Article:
By Maria Gorshin

Did you know that New York is the birthplace of the bike path?

Brooklyn was the first city in the country where citizens could enjoy a sliver of public road for the purpose and pleasure of getting around on two wheels. That was back in 1894. I live in what is now one of the top five bike-friendliest cities in the U.S., where food and documents arrive fastest at their destinations via bicycle delivery and where asphalt designated for biking measures 250 miles. Still, I rode a bike in New York traffic for the first time only a few weeks ago. I discovered a city pastime that doubles as free transportation 117 years after everyone else.

And it was all by accident.

The idea had been simple – I would pick up my son’s bike on the Upper West Side, ride it across Central Park then walk it to Grand Central Station to catch a train to Connecticut. I’d never risked biking in traffic and I wasn’t about to try.

At the station I rolled my bike past a group of conductors resting by the 3:07 train to New Haven.

“Where do you think you’re taking that bike?” one asked, leaning against a railing.

“On the train.” I answered. I’d done my research about peak and off-peak restrictions so I knew I’d have no trouble.

“I don’t think so…next train for bikes is 8:45 p.m.” I almost laughed then stopped.

“You’re kidding, right?”

“Nope.” He double-checked and he was right – a spike in commuter train travel had expanded the “no bike” rule to include mid-afternoon runs to the suburbs.

I considered my options. I was wearing high heels so taking the bicycle for a 5-hour walk around Manhattan would be punishing. I could meet a friend for after-work drinks or visit a museum but the lock dangling from my son’s heavy bike chain was damaged – I would have no way of keeping the bicycle safe if I went indoors. One choice seemed obvious. I would go for a bike ride – a really long bike ride.

In comfortable shoes I would have walked from Grand Central Station to where Manhattan’s Greenway bike lane runs along the East River. Instead, well…let’s just say there’s a reason the NYC Department of Transportation launched the “Don’t Be a Jerk” campaign featuring Mario Battaglia and John Leguizamo breaking every rule of bike rider etiquette.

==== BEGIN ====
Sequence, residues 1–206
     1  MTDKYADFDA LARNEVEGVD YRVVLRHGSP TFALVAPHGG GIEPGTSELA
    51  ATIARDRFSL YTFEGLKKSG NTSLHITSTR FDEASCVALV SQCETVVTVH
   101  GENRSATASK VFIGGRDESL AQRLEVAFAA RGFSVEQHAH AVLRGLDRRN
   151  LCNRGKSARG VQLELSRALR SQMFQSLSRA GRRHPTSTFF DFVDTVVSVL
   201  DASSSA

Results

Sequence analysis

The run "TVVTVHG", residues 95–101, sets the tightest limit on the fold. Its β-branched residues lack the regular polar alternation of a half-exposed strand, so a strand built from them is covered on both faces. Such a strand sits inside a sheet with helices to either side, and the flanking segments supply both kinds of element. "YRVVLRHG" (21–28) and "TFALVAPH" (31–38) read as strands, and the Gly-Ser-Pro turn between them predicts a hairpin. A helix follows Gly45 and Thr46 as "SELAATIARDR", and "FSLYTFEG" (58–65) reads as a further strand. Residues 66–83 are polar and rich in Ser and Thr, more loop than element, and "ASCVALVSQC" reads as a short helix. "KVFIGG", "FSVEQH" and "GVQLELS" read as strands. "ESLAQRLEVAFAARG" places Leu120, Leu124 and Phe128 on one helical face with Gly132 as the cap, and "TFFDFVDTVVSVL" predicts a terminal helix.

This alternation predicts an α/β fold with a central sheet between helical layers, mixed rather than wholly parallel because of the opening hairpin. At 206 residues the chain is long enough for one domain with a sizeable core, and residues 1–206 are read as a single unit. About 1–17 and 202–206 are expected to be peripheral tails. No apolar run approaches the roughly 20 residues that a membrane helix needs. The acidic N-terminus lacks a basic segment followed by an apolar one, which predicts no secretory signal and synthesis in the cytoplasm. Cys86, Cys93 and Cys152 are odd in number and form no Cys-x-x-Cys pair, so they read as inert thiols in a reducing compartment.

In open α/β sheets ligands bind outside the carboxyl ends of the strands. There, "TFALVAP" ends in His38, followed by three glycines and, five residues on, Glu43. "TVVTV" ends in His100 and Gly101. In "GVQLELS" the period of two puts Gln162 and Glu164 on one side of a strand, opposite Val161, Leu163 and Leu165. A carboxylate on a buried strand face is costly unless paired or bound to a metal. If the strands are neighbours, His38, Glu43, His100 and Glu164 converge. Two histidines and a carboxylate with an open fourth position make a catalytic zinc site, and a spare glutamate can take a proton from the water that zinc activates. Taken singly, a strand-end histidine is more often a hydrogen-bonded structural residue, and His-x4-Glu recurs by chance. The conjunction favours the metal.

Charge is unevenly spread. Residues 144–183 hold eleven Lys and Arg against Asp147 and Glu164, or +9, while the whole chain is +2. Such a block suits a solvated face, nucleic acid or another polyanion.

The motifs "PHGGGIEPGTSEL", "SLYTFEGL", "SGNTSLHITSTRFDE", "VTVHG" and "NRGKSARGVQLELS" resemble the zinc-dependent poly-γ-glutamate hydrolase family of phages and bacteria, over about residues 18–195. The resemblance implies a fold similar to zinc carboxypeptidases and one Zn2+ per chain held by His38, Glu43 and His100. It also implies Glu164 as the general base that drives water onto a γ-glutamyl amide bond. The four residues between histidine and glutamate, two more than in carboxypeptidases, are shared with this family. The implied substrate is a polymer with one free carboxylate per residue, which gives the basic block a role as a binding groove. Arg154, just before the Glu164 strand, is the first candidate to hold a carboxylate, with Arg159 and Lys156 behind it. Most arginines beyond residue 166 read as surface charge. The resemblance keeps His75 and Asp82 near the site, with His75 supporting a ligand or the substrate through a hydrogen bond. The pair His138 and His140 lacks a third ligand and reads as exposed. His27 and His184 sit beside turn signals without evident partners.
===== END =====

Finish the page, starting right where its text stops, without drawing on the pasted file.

I realized the error of my ways and rode my son’s bicycle off the crowded sidewalk to follow German tourists on Bike & Roll rental bikes. The couple looked so poised biking alongside speeding patrol cars, double-parked trucks and texting pedestrians that it seemed reasonable to follow their example. A lifelong Upper West Sider was humbly learning lessons from visitors in my own hometown.

Cautiously I made it to the East River with them. They rode on toward the United Nations and I continued south, relieved to find ample space there designated for bicycles. But that stress-free moment didn’t last long – the Greenway picks up then leaves you feeling a bit stranded here and there until you get further downtown. I found that out while careening out of the way of cars at Midtown parking garages, a gas station, marina, and more. Finally, the bike lanes became more defined and the riding became a real pleasure. Oh, and I became an instant bike lane advocate.

It didn’t take long for me to leave the Greenway to begin criss-crossing Lower Manhattan. On Delancey St. I encountered an old man, at least 85 years old, riding a bike loaded with grocery bags. He rode so serenely – one hand on the handlebar, one relaxed at his side, holding a cigarette – that I decided to fall in behind to match his easy pace. One…two…one…two. Moving at such a steady rate I fell into a state of relaxed concentration – not passive as I might be during a ride in a park, and not in a panic, as I’d been during those first few minutes in traffic – just aware and growing more confident.

I suddenly felt embarrassed that it had taken me so long to try riding in New York when the senior citizen before me did it with such ease. With that in mind I decided to begin following signs for the Williamsburg Bridge and turned onto a side street off of Delancey. Crossing that bridge into Brooklyn was exhilarating – great views, beautiful breezes – but crossing over from pedestrian to New York bike rider was the real reward.

There are two more weeks left to celebrate Bike Month NYC.

Visit to find over 200 rides, workshops, races and events taking place through the end of May that promote cycling in New York City. Events include a breakfast for bike commuters planned for May 20, 7 a.m. to 10 a.m., at the Hudson Greenway near W. 70th St. courtesy of the Upper West Side Streets Renaissance Campaign.

Maria Gorshin, who runs the blog City Girl Writes, is a West Side Rag columnist and native Upper West Sider.

Photo by Maria Gorshin.

COLUMNS, OUTDOORS | 2 comments | permalink
    1. Go, City Girl, go! I used to get around NYC exclusively on my bike. But after 20 years away (and somehow also being 20 years older), I’m a bit more hesitant about traffic. Still biking is a great way to see the city & beats all other forms of urban transport. Just watch out for those parked car doors.

    2. Tyson White says: